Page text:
By Indiana State University
Mar 8, 2021
When the time came for Taylor Schaffer, ’11, to go to college, she wanted to move away from her hometown of Terre Haute.
Her mother had a different idea.
“Taylor was 17 when she graduated from high school and she thought she wanted to go to IU, but I was not going to send my 17-year-old to Bloomington not being a part of a team or group,” said Schaffer’s mother, Tammy Shike, who coaches the dance and cheer teams and works with community service for the athletics department. “I was working part-time at ISU then, and I told her she would come here for a year and could transfer at the end of that year.”
Luckily for Schaffer, mother knows best.
“I think from day one it was a different experience than I thought I would have when I came to ISU. Having grown up in Terre Haute, it felt like I knew what Indiana State was. I didn’t want that, but it is not what I got from my college experience,” Schaffer said. “Instead, I got my own identity outside of my mom and gained unique experiences that were unique to ISU and not exclusively rooted in my hometown.”
That experience for Schaffer meant being a 2011 Indianapolis 500 Festival princess, serving as director of governmental affairs for the Student Government Association, and working as an opinion columnist and editorial writer for the Indiana Statesman student newspaper. Schaffer, who studied communication, also served as chairperson of special events for the ISU Dance Marathon, Sycamore Ambassadors recruitment chair, student representative and Fall Welcome Convocation speaker for New Student Orientation, Sparkette Dance Team officer and co-captain, and student chairperson on the Student Recreation Center steering committee.
Since graduation, Schaffer has worked in public relations and government, including her current appointment, which began Jan. 1, as chief deputy mayor of Indianapolis and chief of staff for Indianapolis Mayor Joe Hogsett.
“My job is to have a global view of city priorities. What that means looks different every day, though,” she said. “In the last year, we’ve spent a lot of time and resources focusing on COVID-19. In normal times, it’s handling initiatives to advance Mayor Hogsett’s broader vision for the city.”
Shike, also an Indiana State alumna, knew that with the right mindset her daughter’s State experience could be everything she’d hoped for her daughter. She is glad she was right.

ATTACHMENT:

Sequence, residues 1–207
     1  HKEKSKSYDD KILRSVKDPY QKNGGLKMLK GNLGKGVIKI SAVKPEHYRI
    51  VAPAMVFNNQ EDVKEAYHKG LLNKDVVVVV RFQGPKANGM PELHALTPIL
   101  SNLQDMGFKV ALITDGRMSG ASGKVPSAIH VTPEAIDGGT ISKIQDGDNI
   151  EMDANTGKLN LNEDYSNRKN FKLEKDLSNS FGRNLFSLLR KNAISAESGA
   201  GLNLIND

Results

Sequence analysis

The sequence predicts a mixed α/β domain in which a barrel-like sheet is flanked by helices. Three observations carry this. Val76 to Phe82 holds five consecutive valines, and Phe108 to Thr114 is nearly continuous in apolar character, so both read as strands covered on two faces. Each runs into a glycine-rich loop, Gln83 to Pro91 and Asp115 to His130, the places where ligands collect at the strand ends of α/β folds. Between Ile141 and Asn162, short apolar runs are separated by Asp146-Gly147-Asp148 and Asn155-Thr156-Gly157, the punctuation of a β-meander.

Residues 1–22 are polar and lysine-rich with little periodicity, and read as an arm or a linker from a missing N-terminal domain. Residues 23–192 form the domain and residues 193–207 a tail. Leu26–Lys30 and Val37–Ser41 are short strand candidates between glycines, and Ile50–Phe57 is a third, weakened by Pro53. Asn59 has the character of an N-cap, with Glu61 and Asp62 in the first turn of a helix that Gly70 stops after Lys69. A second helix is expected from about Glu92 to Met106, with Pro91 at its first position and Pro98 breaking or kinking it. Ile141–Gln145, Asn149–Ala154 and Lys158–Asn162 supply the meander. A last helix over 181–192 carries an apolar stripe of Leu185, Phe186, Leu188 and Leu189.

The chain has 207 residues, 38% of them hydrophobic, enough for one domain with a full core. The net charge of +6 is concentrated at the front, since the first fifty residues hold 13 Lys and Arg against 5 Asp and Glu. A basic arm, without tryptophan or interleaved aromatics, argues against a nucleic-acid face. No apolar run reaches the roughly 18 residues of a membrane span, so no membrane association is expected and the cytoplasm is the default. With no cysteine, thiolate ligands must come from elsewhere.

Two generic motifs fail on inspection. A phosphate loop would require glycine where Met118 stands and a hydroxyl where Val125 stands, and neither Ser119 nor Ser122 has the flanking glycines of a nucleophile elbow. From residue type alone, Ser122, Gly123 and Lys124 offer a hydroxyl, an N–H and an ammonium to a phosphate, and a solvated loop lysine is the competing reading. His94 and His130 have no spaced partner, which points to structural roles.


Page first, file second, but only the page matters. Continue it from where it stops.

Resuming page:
“I was married when I attended ISU and graduated in three years, so I had a different experience than most college students,” Shike said. “I wanted Taylor to have a true college experience, unlike mine, and she did that on her own. She made great friends and did fun things with them. She established great relationships and loved college life, and it was great for me to see her live the college life I had hoped for her.”
What Shike did not expect from her daughter, though, was an announcement that she would enter the Miss ISU competition her junior year.
“Miss ISU was just not me,” Schaffer said. “When I tell people about it now, it always catches them by surprise.”
Schaffer wasn’t new to the pageant world, though, as she grew up watching her mom’s work with the Miss America organization. Shike still couldn’t believe her daughter wanted to participate. However, when she saw the determination and drive her daughter exhibited, she wasn’t surprised when Taylor won the competition.
“Taylor grew up going to Miss America functions, but it did not seem on brand to me when she told me she wanted to compete in Miss ISU,” Shike said. “I said she wouldn’t do it, but she competed and won her junior year. It’s not the crowning glory of her life, but for me it was an example of her using her intelligence. I quickly understood she would approach it differently than a lot of contestants. It was more of a means to an end for Taylor. She learned a lot and she won the interview portion.
“The experience as a whole was big for me — not just the crown, although it was pretty,” Schaffer’s mom continued. “The intestinal fortitude Taylor showed, and how she worked her tail off to get it, showed me I would not be able to put boundaries on this kid. When Taylor puts her feet to ground, she makes something work. It’s about work ethic for her.”